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Polyacrylamide application to soil reduces the movement of microorganisms in water

Entry, James A. and Sojka, R.E. (1999) Polyacrylamide application to soil reduces the movement of microorganisms in water. pp. 93-99. In: 1999 Proc. International Irrigation Show. USA-FL-Orlando, 1999/11/07-09.


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Early reports of polymer treatment of furrow irrigation inflows resulting in clarification of outflow water were made by Paganyas (1975 ) and Mitchell (1986). Paganyas did not specify the chemical polymer used, although its description suggests some type of polyacrylamide (PAM) formulation. Mitchell specified use of anionic PAM and noted stream advance time and infiltration increases. Both added PAM to furrow inflows during the advance (only) (before runoff, while water first traverses the dry furrow). Neither Paganyas nor Mitchell quantified sediment effects. Lentz et al. (1992) reported PAM-use in furrow irrigation for erosion control and increased infiltration, quantifying changes in sediment concentration and accumulation over time, sediment loss, infiltration and runoff. Lentz and Sojka(1994) reported that PAM-treatment reduced runoff water concentration of ortho-P, total-P, and nitrate, and lowered biological oxygen demand. Runoff sediment loss was reduced 94% and infiltration increased 15% in a 3 yr series of studies. Subsequently others further documented that PAM-treatment of furrow irrigation water improved runoff water quality parameters, including pesticide loads (Agassi et al., 1995; Bahr and Steiber, 1996; Singh et al., 1996). The most frequent approach in these studies involved PAM-treatment of the furrow advance stream (only). Good results were achieved with PAM application at about 1 kg/ha (1 lb/acre) applied at 10 ppm only in the advancing furrow. McCutchan et al. (1994) also reported runoff sediment load reductions, however, they applied PAM at 2.5 ppm continuously throughout the irrigation. On-farm PAM cost is about $3 to $5 per pound. Typical farmer seasonal PAM-use is 3 to 5 lbs per acre. The technology was adopted on about 1,000,000 acres in the United States as of 1998 and continues to grow rapidly in the US and overseas. The practice has received much attention in Western US states now seeking ways to meet mandated total maximum daily loads (TMDL) for various contaminants, including sediment, nitrogen, and phosphorus, in irrigation runoff and return flows.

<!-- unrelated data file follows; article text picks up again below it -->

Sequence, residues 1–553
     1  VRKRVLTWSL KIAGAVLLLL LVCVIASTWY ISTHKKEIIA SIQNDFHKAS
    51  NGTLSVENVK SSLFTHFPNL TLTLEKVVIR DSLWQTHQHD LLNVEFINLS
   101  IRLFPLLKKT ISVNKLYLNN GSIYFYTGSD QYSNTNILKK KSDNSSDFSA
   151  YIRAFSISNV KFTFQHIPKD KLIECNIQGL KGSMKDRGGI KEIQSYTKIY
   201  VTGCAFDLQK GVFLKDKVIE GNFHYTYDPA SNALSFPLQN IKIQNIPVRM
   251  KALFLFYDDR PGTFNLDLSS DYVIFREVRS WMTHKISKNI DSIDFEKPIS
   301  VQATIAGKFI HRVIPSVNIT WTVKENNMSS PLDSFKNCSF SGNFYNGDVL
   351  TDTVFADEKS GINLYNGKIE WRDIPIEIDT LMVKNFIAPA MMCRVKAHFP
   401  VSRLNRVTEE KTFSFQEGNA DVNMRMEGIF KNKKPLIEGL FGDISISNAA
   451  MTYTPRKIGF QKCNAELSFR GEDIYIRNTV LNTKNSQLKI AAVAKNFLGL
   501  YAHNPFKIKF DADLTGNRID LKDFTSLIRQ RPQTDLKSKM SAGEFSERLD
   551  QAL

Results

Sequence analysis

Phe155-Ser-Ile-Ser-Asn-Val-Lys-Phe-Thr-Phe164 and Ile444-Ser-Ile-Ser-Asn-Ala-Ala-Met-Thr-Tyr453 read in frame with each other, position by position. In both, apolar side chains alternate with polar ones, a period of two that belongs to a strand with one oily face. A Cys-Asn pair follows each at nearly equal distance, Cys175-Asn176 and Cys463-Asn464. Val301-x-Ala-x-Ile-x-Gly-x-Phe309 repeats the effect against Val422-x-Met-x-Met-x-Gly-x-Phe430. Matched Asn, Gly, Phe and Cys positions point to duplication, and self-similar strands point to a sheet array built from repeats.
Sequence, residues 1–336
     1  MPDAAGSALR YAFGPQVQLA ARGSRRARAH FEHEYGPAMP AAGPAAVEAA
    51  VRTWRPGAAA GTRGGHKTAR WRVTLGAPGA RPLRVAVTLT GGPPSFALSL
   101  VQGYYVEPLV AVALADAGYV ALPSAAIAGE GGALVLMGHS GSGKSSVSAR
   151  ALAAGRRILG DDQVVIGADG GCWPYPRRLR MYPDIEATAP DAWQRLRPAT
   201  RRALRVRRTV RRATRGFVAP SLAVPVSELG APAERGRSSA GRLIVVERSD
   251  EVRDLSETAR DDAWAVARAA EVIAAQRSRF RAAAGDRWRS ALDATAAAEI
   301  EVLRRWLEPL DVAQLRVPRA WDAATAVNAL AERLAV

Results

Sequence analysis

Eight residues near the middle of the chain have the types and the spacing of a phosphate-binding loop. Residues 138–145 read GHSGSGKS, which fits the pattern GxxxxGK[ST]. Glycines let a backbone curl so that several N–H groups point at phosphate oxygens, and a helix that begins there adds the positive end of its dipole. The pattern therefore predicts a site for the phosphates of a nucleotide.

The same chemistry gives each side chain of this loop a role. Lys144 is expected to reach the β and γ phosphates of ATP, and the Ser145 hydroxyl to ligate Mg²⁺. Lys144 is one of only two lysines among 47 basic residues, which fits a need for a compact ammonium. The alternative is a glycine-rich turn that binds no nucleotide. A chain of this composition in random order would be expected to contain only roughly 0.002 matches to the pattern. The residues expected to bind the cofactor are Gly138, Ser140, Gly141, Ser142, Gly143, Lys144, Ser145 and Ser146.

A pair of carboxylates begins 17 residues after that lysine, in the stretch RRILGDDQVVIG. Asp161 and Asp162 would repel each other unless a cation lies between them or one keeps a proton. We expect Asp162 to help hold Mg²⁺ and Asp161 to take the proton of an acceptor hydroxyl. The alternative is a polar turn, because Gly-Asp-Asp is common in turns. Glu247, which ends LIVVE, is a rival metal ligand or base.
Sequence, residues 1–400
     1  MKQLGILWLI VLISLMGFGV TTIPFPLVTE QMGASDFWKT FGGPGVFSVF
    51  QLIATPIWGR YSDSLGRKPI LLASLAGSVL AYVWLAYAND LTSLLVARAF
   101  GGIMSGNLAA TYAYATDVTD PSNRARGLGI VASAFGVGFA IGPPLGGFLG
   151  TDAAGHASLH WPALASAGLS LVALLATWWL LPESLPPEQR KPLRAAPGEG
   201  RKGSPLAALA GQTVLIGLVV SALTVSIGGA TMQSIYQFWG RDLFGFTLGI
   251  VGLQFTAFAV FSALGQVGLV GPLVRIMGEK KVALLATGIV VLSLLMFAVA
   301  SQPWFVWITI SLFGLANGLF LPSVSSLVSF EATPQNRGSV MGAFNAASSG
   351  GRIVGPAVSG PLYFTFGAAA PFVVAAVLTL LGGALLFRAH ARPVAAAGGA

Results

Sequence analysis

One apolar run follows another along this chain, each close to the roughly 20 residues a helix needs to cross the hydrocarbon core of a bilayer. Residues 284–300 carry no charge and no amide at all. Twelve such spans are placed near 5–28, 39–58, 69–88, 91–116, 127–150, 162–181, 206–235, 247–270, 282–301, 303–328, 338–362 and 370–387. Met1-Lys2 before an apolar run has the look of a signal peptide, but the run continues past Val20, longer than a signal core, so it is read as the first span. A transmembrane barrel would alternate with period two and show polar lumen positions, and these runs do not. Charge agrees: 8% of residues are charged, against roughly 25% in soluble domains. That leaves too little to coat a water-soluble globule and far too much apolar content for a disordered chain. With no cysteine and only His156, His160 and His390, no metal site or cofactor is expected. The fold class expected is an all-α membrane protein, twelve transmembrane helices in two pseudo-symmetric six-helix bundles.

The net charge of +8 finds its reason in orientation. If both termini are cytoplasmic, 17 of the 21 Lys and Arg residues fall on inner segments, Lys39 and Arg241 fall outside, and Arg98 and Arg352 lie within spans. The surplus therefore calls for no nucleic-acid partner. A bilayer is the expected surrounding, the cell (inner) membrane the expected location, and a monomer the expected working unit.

Item Type: Conference or Workshop Item (Paper)
NWISRL Publication Number: 0994
Subjects: Polyacrylamide (PAM) > Water-soluble PAM (WSPAM) > Application Strategies
Mass Import - autoclassified (may be erroneous)
Depositing User: Dan Stieneke
Date Deposited: 20 Nov 2010 21:57
Last Modified: 16 Nov 2016 17:56
Item ID: 1091

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